Classically, a bruschetta, as taken from the “Silver Spoon” cookbook, the best selling Italian cook book in Italy for the past 50 years, is this: "a slice of homemade bread (that knocks most of us out right there, doesn't it?), lightly toasted, rubbed with garlic, seasoned with salt and drizzled with olive oil. Chopped tomato, oregano, and wild fennel may be added."
When presented with a good food idea chefs and home cooks alike often take off in a thousand different directions. Google bruschetta and you will find recipes that include every type of cheese, including mozzarella, Gorgonzola and goat’s cheese. You also will find other add-ons like honey, shrimp and every vegetable imaginable.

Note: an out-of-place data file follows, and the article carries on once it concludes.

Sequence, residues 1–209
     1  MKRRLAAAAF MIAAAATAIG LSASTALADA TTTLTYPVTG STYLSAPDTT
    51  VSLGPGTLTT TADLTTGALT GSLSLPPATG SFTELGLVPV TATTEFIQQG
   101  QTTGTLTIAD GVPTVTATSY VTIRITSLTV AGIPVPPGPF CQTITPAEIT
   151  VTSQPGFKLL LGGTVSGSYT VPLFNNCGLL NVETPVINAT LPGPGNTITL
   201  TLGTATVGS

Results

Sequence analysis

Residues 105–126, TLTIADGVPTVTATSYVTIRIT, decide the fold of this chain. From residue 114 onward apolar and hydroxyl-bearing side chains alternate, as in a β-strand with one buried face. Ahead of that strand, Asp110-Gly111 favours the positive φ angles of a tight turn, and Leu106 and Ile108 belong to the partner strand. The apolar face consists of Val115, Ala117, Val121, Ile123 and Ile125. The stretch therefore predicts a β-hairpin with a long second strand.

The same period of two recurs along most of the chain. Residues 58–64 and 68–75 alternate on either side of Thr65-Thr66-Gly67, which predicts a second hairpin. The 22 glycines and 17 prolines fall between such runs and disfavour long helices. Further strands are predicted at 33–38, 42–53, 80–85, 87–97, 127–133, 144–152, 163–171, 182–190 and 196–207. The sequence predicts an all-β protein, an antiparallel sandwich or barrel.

Those recipes may be good, but to a good Italian, like my friend Chef Paola Bugli at Stalla, it's just not bruschetta; maybe it’s a sandwich, maybe it's a canapé, maybe even a crostini, but it's not bruschetta.
One more caveat: bruschetta is best when toasted over a hard wood fire.
1 loaf crusty locally made bread
1-2 large cloves of garlic
Best quality olive oil
1 chopped tomato
1 bunch fresh basil
Slice the bread, toast it unadorned, then rub it with the whole clove of garlic (skin off of course). Toss the tomato, some olive oil and the chopped basil, spoon on to the toasted bread and add a nice drizzle of oil and a good pinch of salt.